Sep 19, 2017 | By Tess

NASA has successfully tested a prototype for a 3D printed rocket engine component made from two different metal alloys. The 3D printed rocket part underwent thorough tests over the summer at NASA’s Marshall Space Flight Center in Huntsville, Alabama.

The component, a rocket engine igniter, marks the first time that NASA has been able to successfully combine two metal alloys in a functional part using 3D printing. Marshall engineers say this breakthrough could lead to faster development times and lower production costs for engine igniters in the future.

“It is a technological achievement to 3D print and test rocket components made with two different alloys. This process could reduce future rocket engine costs by up to a third and manufacturing time by 50 per cent,” said Preston Jones, the director of the Engineering Directorate at Marshall.

A rocket engine igniter, for those unfamiliar with the internal parts of a rocket, is used to trigger the engine’s start sequence. Traditionally, the critical engine component is made using a complex and laborious process called brazing, which combines two metals by “melting a filler metal into a joint [to create] a bi-metallic component.”

While an effective method, brazing can be a slow and expensive process, as it requires manual labor and various different steps to complete. By 3D printing two metal materials into a single part, NASA has opened the doors for a more efficient and cost-effective way to manufacture rocket engine igniters.

“Eliminating the brazing process and having bi-metallic parts built in a single machine not only decreases cost and manufacturing time, but it also decreases risk by increasing reliability,” explained Majid Babai, advanced manufacturing chief and project lead at Marshall’s Materials and Processes Laboratory.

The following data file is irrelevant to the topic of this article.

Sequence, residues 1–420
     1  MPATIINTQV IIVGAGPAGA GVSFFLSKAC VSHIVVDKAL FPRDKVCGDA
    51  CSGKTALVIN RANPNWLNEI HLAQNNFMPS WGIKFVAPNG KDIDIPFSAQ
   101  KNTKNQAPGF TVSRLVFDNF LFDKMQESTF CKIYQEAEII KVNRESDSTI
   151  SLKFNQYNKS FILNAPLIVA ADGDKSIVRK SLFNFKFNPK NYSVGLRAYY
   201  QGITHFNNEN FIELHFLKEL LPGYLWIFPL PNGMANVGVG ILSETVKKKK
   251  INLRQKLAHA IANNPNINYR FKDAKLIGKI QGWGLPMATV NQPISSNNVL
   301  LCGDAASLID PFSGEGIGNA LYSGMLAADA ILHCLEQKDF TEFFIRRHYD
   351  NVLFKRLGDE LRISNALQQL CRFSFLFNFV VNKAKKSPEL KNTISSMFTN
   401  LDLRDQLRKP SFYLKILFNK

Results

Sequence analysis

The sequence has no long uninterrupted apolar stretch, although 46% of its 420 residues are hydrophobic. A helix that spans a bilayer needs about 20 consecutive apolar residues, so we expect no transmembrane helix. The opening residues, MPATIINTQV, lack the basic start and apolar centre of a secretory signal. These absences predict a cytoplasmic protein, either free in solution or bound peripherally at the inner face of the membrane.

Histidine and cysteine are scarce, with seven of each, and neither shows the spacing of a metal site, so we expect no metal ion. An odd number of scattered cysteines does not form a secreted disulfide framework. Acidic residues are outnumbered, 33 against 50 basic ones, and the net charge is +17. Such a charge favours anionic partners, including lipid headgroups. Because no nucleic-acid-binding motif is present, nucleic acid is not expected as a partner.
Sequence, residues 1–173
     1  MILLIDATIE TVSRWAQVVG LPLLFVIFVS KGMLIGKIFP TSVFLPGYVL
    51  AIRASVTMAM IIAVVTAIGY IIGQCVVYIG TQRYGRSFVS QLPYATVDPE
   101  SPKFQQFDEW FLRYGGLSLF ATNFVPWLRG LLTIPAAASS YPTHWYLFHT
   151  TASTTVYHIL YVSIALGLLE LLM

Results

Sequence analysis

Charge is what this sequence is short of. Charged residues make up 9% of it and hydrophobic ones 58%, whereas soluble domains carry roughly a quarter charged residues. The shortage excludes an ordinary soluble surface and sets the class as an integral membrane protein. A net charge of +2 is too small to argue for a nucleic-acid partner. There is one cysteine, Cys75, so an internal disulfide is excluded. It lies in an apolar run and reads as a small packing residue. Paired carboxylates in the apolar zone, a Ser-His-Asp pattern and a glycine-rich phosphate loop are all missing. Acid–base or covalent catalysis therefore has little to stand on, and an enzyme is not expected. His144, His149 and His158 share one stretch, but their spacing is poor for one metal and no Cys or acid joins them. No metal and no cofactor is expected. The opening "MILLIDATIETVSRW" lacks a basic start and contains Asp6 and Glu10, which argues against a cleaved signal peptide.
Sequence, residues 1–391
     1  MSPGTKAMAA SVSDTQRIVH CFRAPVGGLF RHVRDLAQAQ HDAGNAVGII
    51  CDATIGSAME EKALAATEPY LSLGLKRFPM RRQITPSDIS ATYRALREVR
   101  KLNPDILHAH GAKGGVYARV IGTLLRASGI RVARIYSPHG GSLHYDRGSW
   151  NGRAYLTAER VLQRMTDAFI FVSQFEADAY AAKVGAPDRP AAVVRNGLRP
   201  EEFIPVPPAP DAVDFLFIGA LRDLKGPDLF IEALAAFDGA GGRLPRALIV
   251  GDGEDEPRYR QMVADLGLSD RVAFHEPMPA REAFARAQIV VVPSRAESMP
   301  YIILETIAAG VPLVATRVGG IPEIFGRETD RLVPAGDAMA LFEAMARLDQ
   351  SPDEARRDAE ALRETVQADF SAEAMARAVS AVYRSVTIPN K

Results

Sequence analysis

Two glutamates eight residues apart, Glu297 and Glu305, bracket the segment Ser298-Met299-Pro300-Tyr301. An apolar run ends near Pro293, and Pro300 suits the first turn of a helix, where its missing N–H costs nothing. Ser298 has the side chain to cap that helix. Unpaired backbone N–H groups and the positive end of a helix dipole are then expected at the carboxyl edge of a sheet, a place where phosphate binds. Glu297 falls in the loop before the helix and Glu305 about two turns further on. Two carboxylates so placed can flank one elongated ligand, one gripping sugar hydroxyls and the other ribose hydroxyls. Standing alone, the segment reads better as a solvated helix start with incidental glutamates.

Researchers examine a segment of the 3D printed igniter prototype

“By diffusing the two materials together through this process, a bond is generated internally with the two materials and any hard transition is eliminated that could cause the component to crack under the enormous forces and temperature gradient of space travel,” he added.

The part itself was made from a copper alloy and Inconel, which were combined using “automated blown powder laser deposition,” a hybrid 3D printing process developed by Illinois-based machining expert DMG MORI which integrates 3D printing and “computer numerical-control machining capabilities.”

The engineers at Marshall were able to leverage DMG MORI’s hybrid additive system to produce the igniter part in a single print. The printed component, which measures 10 inches in height and 7 inches in width, is purportedly at the smaller end of what the 3D printer can manufacture.

Additionally, DMG MORI’s system offers a unique feature: users can choose to have their part’s interior machined during the printing process. In other words, the printer can go between additive manufacturing and machining in a single print, perfecting a component’s interior structure before its exterior is finished.

Testing for the part was carried out by a team of engineers at NASA’s Marshall Space Flight Center led by Robin Osborne, a senior engineer at ERC, Inc. The testing process consisted of over 30 low-pressure hot-fire tests, which were meant to show that the 3D printed igniter prototype was functional.

Microscope image of igniter cross section showing how both metals have inter-diffused

(Images: NASA)

After the numerous hot-fire tests, researchers from the University of Alabama were given the part to deconstruct and analyze. In the end, they found that the two metals that made up the part had inter-diffused well, and had created a strong bond in the part.

“We’re encouraged about what this new advanced manufacturing technology could do for the Space Launch System program in the future,” said Steve Wofford, manager of the SLS liquid engines office at Marshall. “In next generation rocket engines, we aspire to create larger, more complex flight components through 3D printing techniques.”



Posted in 3D Printing Application



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